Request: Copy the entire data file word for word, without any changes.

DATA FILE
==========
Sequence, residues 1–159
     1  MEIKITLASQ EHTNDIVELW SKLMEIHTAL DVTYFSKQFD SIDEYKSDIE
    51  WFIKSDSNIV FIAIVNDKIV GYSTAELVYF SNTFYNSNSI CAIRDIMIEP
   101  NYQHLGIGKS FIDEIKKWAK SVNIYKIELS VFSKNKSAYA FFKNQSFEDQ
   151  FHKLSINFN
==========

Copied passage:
Sequence, residues 1–159
     1  MEIKITLASQ EHTNDIVELW SKLMEIHTAL DVTYFSKQFD SIDEYKSDIE
    51  WFIKSDSNIV FIAIVNDKIV GYSTAELVYF SNTFYNSNSI CAIRDIMIEP
   101  NYQHLGIGKS FIDEIKKWAK SVNIYKIELS VFSKNKSAYA FFKNQSFEDQ
   151  FHKLSINFN